“…calling the fee that customers pay a ‘hidden tax.'”– Gov. Glenn Youngkin
“…the goals of the alliance are “ambitious and well-intentioned” but that they “conflict with Nevada’s energy policy objectives.””– Gov. Joe Lombardo
Finally, some common sense is returning to the climate change debate. Governors Glenn Youngkin of Virginia and Joe Lombardo of Nevada are prioritizing the well-being of their citizens and the unique needs of their states over ill-founded climate alarmism.
In Virginia, Governor Youngkin recently concluded a review of new regulations, bringing the state closer to withdrawing from the Regional Greenhouse Gas Initiative (RGGI) by the end of the year. The RGGI is a pact among twelve states that forces electricity producers to buy allowances for carbon emissions, a cost that consumers unjustly bear. Youngkin aptly refers to this cost as a “hidden tax” and seeks to shield Virginians from such unnecessary financial burdens.
On the other side, we have environmental groups and Democrats who argue that the RGGI is integral to Virginia’s carbon emission reduction strategy. They also celebrate the $500 million that the state has collected from allowance revenues. But these funds have been drawn from the pockets of tax-payers, and then repackaged as a necessary expense for climate change mitigation.
Out West, Governor Lombardo made the prudent decision to withdraw Nevada from the U.S. Climate Alliance. Lombardo acknowledges the alliance’s well meaning goals as “ambitious and well-intentioned”, yet rightfully asserts that they “conflict with Nevada’s energy policy objectives.”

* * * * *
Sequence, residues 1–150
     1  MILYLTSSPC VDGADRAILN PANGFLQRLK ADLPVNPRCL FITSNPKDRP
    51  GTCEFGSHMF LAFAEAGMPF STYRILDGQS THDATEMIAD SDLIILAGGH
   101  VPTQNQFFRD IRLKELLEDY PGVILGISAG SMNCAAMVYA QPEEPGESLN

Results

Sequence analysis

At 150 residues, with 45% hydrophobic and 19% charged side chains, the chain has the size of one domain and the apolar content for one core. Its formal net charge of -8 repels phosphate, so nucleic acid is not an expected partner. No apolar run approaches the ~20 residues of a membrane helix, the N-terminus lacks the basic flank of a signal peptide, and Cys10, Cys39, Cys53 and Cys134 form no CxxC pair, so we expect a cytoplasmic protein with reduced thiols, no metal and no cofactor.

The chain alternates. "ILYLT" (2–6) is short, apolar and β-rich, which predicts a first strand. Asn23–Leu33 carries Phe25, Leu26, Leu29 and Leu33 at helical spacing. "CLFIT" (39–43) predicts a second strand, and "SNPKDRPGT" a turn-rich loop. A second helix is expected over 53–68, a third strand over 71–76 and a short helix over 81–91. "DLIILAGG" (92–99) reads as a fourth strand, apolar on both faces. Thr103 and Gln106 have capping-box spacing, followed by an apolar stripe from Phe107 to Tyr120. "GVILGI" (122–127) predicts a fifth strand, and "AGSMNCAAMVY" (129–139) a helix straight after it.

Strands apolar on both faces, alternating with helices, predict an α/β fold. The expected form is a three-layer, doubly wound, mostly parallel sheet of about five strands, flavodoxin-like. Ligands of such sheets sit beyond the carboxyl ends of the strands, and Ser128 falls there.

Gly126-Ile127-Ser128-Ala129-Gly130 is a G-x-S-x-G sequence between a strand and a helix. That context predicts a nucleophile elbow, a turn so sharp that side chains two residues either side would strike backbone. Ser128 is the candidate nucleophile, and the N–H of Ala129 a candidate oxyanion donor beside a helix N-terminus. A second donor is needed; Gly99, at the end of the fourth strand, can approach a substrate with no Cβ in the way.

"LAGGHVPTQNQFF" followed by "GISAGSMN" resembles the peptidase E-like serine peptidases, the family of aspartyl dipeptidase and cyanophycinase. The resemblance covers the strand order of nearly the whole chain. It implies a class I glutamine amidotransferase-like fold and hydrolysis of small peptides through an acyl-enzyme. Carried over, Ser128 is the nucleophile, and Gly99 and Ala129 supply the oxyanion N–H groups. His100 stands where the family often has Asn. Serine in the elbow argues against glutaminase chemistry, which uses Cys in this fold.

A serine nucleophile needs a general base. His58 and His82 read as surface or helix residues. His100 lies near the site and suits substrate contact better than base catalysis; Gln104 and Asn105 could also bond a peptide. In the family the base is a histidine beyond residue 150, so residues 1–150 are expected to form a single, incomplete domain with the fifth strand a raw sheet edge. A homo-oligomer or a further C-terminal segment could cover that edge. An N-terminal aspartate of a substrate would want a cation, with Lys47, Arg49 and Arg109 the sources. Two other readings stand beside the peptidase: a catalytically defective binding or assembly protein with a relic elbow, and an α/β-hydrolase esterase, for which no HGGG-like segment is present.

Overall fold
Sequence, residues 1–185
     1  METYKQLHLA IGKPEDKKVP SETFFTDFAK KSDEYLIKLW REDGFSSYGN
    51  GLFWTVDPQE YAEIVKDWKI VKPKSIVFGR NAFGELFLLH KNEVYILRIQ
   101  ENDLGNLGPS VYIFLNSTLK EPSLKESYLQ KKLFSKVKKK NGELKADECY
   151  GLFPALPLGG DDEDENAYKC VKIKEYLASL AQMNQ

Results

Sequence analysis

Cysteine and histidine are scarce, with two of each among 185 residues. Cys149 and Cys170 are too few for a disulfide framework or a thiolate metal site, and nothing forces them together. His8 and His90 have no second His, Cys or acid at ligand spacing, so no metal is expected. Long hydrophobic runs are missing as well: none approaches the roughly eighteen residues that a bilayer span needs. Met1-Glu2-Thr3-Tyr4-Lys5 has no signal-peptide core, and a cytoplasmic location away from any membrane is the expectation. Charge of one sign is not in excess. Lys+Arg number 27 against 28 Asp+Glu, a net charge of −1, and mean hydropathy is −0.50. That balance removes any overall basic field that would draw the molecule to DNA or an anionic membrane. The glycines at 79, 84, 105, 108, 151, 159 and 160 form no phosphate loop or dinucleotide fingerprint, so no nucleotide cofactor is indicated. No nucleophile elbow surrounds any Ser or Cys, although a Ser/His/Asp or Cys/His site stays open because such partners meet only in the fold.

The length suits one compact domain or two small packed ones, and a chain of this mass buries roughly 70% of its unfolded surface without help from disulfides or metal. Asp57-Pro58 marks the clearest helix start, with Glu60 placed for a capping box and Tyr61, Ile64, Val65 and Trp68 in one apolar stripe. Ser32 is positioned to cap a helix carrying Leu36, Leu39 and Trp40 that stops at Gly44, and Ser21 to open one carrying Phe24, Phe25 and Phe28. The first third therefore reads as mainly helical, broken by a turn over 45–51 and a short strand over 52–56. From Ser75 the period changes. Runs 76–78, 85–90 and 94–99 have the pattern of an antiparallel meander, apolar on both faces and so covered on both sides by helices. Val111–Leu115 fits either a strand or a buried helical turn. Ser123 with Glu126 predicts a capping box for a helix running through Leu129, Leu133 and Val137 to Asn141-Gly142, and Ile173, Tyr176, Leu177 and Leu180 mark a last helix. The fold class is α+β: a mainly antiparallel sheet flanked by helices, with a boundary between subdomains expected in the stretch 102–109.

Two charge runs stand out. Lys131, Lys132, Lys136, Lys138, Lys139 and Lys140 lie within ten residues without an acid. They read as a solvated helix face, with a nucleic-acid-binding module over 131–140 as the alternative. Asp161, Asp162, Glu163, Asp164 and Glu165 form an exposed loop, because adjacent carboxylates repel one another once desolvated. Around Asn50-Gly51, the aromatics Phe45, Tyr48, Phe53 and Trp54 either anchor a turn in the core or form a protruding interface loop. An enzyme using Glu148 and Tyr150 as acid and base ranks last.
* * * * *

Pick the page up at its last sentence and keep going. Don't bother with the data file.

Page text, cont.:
These decisions by Youngkin and Lombardo illustrate a much-needed shift in approach to hysterical climate action. Overhyped, fear-driven policies often overshadow the fact that it is yet to be conclusively shown that human-induced climate change is a significant problem. This truth is overshadowed by global accords like the Paris Agreement or inter-state collaborations like the U.S. Climate Alliance that push for premature and potentially harmful actions, ignoring the unique needs, resources, and challenges of individual states.
Both Governors, prioritizing the welfare of their constituents and local economies, challenge these collective strategies. They highlight the importance of tailored, state-specific initiatives that balance environmental considerations with economic and social needs, all while questioning the alarmist climate narrative.
These sensible actions stir the climate change pot. They challenge constituents to ask: should we subscribe to the dominant narrative and rush into potentially detrimental collective efforts? Or should we take a step back, question the prevailing dogma, and strive for balanced, state-specific policies that prioritize the actual needs of our citizens?
It’s time for a reality check on climate action. What do you think of Virginia’s potential exit from the RGGI or Nevada’s withdrawal from the U.S. Climate Alliance?
HT/resourceguy for the twofer
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